Reading.  Evidently, I had a very Royals-heavy reading week last week.  From Monday through Thursday, I was immersed in Queen Victoria: Twenty-Four Days that Changed Her Life, the new biography from Lucy Worsley.  I thought it was such a creative way to approach a biography and I enjoyed every minute.  Next I turned to Ninety-Nine Glimpses of Princess Margaret, not because I am on some kind of royalty bender (at least, no more than usual) but because of library deadlines.  It’s also a very creative approach to biography, but I’m not sure I am enjoying it quite as much as I enjoyed Queen Victoria.  I’m still reading the Margaret biography as of press time; I did bring my next book (The Glass Ocean) with me, but I’m not sure I will have time to finish with Margaret and start anything new on this trip; between the schedule while I am here, and trying to keep up with my other work, I’m expecting to be buried in my laptop the whole time.

Watching.  Nothing – I’m still recovering from my epic week of watching the entire second season of The Crown with my mom over the course of five days.  I did watch parts of Spider-Man: Into the Spider-Verse again while the kids were glued to it, but I’ve now seen it so many times I don’t really need to pay attention.  (It’s such a good movie.)

Listening.  Lots of podcasts, as usual.  I actually had a lovely drive out to the mountains yesterday evening, listening to Tea or Books? and the new-ish Slightly Foxed Podcast.  I’d been saving both for a long car ride – when I listen to podcasts during my commutes, it’s in snatches of a few minutes here and a few minutes there, while waiting for trains, standing in the coffee line, etc., and I wanted to play these episodes straight through.  They made the trip speed by.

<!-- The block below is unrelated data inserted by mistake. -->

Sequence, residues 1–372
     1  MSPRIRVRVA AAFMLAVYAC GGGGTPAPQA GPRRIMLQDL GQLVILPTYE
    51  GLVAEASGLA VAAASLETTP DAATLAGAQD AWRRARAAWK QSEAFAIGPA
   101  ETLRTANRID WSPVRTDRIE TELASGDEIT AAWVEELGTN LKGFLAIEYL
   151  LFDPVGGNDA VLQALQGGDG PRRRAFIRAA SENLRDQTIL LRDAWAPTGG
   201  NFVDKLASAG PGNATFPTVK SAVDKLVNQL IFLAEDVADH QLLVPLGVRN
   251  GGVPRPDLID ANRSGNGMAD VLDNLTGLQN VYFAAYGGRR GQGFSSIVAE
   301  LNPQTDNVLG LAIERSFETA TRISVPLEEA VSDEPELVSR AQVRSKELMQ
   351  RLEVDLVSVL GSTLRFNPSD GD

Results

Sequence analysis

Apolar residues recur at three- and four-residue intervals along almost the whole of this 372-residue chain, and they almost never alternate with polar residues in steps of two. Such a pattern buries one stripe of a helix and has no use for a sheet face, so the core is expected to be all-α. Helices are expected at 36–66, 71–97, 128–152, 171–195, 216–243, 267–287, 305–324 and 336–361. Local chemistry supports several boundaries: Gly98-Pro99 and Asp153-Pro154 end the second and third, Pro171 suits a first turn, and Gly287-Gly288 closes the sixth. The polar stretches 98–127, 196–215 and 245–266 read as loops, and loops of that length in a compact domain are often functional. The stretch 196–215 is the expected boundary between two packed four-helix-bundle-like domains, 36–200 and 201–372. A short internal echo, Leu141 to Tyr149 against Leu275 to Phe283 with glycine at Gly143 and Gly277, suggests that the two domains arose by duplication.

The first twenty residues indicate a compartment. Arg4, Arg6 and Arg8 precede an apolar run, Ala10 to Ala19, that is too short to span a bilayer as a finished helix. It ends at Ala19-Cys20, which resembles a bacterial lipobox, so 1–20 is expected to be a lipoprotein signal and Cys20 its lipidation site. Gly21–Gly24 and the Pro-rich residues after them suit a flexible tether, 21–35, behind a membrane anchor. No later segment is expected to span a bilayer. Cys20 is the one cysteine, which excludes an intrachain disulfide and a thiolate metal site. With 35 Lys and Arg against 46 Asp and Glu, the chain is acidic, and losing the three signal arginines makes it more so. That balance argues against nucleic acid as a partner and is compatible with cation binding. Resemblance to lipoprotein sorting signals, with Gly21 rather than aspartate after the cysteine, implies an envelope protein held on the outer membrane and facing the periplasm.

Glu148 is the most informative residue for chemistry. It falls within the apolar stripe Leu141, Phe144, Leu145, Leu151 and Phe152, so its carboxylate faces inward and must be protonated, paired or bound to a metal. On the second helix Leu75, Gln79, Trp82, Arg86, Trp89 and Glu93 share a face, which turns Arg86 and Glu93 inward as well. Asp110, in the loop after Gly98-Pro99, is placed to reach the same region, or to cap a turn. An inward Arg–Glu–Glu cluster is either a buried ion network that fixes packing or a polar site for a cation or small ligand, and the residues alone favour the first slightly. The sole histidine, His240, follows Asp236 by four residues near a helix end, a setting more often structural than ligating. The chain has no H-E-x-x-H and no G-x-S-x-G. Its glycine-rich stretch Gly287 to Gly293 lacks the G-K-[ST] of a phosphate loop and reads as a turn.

Making.  Nothing at all.  I’d hoped to make a loaf of sourdough and a batch of olive focaccia at some point this weekend, but that didn’t happen.  I’d also hoped to make folded laundry and a clean bedroom, but that didn’t happen either.

Blogging.  It’s a bookish week!  On Wednesday I have two more books to review for The Classics Club – I actually read them months ago, but was saving the review until I could do the whole series in one shot.  It occurred to me that would be an absurdly long post, so I decided to break them out instead and do them two at a time.  On Friday, I’m sharing a book that I recently read and couldn’t, for the life of me, figure out if I’d read before.  Book deja vu?

Loving.  With spring springing everywhere, my bird feeder has been an especially hot spot lately.  I have a squirrel-proof variety from National Audubon Society (the squirrel-proof part is totally necessary in my neighborhood – they’re EVERYWHERE) and I love to sit by the window and watch the birds flitting between the tree, the fence, and the feeder.  So far we’ve mostly had our run-of-the-mill sparrows and wrens, but I’m always hoping for a cardinal or two.

Asking.  What are you reading this week?

Garden Tasks: March 2019

I’ve been feeling really inspired to get my hands dirty and get into the garden this season.  I’m not entirely sure why, because last year’s garden was such a failure.  We got a paltry handful of cherry tomatoes and a few herbs, and lost everything else to the neighborhood pests – birds and especially the squirrels.  But past failures aside, the garden is calling to me this year and has been for months – so I’m trying something new.  In addition to the regular garden updates I’ve been doing for several years now (which will begin in April) I am going to share my to-do list for each month in my little urban patio garden.

Here’s what I’m hoping to accomplish in March:

  • Clean the weeds and moss out from between the patio bricks and take the waste to the local compost drop.
  • Filter out the detritus from Nugget’s sandbox (and order new sand, if necessary).
  • Buy seat cushions for the patio set and propane for the grill.
  • Salvage what I can from the rosemary pot and make dried rosemary for the kitchen.
  • Thoroughly clean the soil in the tomato and herb pots, take out dead leaves and roots, and mix in new container gardening soil to prepare the pots for planting.
  • Clean out the bird feeder in the front yard.
  • Weed the front yard and research ground cover.

A relatively short list for a relatively small garden!  March is mostly about preparing the space for planting in April, because I know myself – once the weather is warm enough to get the plants in the pots, I will have no patience for those preparatory tasks.  Better to get ready now, so that the fun can begin in earnest next month.

Do you have a garden?  What’s on your to-do list for this month?